Gas is commonly used for lighting. The local gas company reported that there were 27,236 meters in use in the city, or one meter to every 4.5 persons. A gas stove is in practically every wage-earner's home. The present price of gas is $1.05 net per thousand cubic feet. The average monthly gas bill for wage-earners is said by the company to be about $1.90 net. Electricity is burned for lighting purposes in many of the newer tenements even when the rent is low, and the average bill for wage-earners for electricity is about $1 per month. In recognition of the fact that some families burn gas for cooking only and have an additional expenditure for electric light, the yearly cost of gas and electricity together is estimated at $25.20 in 1919.
The average annual cost of fuel, heat and light combined in Fall River at prices prevailing in October, 1919, may therefore be placed at $70.20, or $1.35 per week. For families having larger homes the cost of these items would be somewhat greater. To allow for this, the expenditure for fuel, heat and light has been increased somewhat in the more liberal budget, making the annual cost of this item $84.25, or $1.62 per week.
Sundries. From information received from the local street railway company, it appears that not over 25% of the mill operatives use the street cars in going to and from work. The single fare is ten cents, but a commutation ticket plan was put into operation in September, 1919, by which 50 rides could be obtained for $3 provided the ticket was used within a month. It has been found, however, that many of the more poorly paid wage-earners are not able to spend $3 at one time for car tickets and the street car company reported that, in practice, the tickets were sold mainly to those earning above $25 a week. Some of the mills have now arranged to sell the $3 tickets to their employees on the instalment plan.
The chief form of amusement in Fall River is moving pictures. There are a dozen houses in the city to which admission is usually 15 cents, or 17 cents with the war tax. Children are admitted to the smaller houses on Saturday afternoons for six cents. The patronage is large. One or two of the theaters frequently offer vaudeville shows and plays for which prices of admission range as high as $2. There are also a number of public dance halls, to which admission is 25 cents.
Doctors' fees, by recent vote of the local medical society, are $2 for an office call and $3 for a house visit.
Almost all wage-earners in Fall River carry burial or life insurance and the insurance business is said to be thriving. The Philanthropic Burial Society alone, a local organization which has extended its activities to New Bedford and elsewhere, has a membership of 30,000 in Fall River. This society pays a funeral benefit of $125 in return for monthly dues of 15 cents to 30 cents. It was the belief of the secretary of the society that most of its policy-holders were insured in other organizations also. The Metropolitan and Prudential Life Insurance Companies have offices in Fall River and together they insure 75,000 persons. Their policy-holders make payments averaging about 10 cents per week. In addition, Fall River has 73 lodges of various fraternal organizations for men, many of which provide insurance benefits for their members. Many of the mills are reported to be carrying life insurance policies for their employees valued at from $500 to $1,000. A contributory system of cash benefits for sickness also obtains in some of the mills.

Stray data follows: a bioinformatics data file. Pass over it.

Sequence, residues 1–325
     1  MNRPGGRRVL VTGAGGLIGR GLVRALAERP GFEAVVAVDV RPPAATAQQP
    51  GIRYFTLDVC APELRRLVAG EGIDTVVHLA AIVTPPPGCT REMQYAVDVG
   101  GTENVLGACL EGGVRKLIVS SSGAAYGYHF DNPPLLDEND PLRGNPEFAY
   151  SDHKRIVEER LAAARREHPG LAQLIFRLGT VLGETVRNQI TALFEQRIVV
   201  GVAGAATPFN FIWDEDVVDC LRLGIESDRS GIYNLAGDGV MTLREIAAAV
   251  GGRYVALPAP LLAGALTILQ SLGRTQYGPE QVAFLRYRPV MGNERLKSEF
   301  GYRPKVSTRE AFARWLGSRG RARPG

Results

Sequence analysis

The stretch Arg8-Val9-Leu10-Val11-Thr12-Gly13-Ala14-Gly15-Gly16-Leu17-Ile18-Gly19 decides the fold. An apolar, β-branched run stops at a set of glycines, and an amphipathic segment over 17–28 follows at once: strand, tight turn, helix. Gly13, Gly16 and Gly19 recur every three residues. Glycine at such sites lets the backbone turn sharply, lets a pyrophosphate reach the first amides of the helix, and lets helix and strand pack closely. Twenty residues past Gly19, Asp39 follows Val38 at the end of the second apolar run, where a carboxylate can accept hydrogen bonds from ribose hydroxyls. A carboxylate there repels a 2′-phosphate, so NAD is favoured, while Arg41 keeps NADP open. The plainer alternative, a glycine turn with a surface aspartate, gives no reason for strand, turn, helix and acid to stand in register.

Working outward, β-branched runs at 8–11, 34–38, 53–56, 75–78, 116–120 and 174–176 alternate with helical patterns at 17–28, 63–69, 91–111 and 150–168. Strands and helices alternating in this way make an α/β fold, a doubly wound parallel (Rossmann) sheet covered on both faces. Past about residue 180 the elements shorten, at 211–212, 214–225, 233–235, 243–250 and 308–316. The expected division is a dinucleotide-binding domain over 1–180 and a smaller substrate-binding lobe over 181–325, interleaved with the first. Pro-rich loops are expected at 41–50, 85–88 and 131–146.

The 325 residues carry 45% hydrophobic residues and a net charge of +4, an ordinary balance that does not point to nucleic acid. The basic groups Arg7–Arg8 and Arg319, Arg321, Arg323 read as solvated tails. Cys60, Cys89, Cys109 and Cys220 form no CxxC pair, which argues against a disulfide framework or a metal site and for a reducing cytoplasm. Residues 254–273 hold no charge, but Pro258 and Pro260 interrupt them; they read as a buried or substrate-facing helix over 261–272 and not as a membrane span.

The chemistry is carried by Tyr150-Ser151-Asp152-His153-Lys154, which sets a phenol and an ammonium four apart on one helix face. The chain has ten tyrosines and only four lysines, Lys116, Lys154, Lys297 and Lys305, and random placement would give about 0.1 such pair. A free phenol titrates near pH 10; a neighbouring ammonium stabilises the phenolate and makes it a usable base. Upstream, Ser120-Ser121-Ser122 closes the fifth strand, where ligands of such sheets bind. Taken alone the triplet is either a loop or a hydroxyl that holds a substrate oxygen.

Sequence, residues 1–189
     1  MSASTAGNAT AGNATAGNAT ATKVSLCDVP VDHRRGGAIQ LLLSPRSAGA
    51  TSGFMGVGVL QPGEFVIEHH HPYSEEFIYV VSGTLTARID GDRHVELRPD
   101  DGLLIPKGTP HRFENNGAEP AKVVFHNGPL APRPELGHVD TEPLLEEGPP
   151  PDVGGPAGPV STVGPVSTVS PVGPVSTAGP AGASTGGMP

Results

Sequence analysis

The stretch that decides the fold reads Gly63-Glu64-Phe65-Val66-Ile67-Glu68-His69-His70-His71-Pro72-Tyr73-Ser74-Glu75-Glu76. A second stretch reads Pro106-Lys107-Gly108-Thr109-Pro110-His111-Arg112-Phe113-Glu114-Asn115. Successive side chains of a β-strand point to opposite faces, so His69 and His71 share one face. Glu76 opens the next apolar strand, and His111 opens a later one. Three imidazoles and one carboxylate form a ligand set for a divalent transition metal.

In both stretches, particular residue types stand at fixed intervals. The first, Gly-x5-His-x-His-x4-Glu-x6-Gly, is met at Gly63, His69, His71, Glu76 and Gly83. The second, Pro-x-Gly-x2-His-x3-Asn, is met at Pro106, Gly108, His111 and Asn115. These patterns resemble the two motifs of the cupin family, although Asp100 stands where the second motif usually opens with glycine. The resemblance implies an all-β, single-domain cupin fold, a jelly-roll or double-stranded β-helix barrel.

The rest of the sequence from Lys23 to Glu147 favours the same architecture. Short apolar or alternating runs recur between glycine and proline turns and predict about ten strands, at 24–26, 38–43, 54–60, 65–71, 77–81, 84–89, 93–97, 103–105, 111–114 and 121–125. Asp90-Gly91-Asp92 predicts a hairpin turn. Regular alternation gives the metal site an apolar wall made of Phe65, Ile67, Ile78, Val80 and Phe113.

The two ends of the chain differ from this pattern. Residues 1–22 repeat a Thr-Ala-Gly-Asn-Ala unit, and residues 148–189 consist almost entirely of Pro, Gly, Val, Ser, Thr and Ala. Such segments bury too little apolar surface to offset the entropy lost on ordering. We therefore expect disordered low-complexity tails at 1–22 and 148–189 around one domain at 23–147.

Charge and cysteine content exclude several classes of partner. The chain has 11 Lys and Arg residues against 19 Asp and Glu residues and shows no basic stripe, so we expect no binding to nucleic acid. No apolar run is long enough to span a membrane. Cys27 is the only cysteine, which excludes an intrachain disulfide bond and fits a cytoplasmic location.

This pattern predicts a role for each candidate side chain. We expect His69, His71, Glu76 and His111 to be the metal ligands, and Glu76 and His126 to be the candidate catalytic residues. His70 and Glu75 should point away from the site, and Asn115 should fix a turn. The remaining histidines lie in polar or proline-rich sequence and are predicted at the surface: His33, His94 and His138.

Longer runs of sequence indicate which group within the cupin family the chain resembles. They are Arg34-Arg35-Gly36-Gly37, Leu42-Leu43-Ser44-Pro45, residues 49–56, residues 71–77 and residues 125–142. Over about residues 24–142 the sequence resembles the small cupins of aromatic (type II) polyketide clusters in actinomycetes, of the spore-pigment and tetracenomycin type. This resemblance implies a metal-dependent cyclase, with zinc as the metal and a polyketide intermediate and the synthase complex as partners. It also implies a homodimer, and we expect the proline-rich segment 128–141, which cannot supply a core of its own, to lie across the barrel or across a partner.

The price of daily newspapers, French and English, is two cents and the Boston Sunday paper, which is extensively read, is seven cents.
A considerable proportion of the amount spent for sundries apparently goes to the support of the church. The city is about 80% Roman Catholic. There are a large number of Roman Catholic churches, 17 parochial elementary schools, a Roman Catholic academy and a Roman Catholic commercial school. These schools are maintained chiefly by the French and Irish. The French parochial schools require a payment of 50 cents per month per child and the child furnishes his own books. The Irish Roman Catholic schools on the other hand are supported through contributions to the church itself and tuition and books are free to any child in the parish. While of course public schools are provided in the city, about one-third of the children attend the parochial schools.
It is practically impossible to estimate the amount spent for each separate item in the sundries group, but in Table 4 is given an approximation of expenses in this division of the budget. Since expenditures for sundries vary widely as between different families, the total allowed may be spent in a large variety of ways. It is believed, however, that $5.10 per week, or $265.20 per year, for the minimum budget is sufficient; the more liberal allowance is $6.80 per week or $353.60 per year.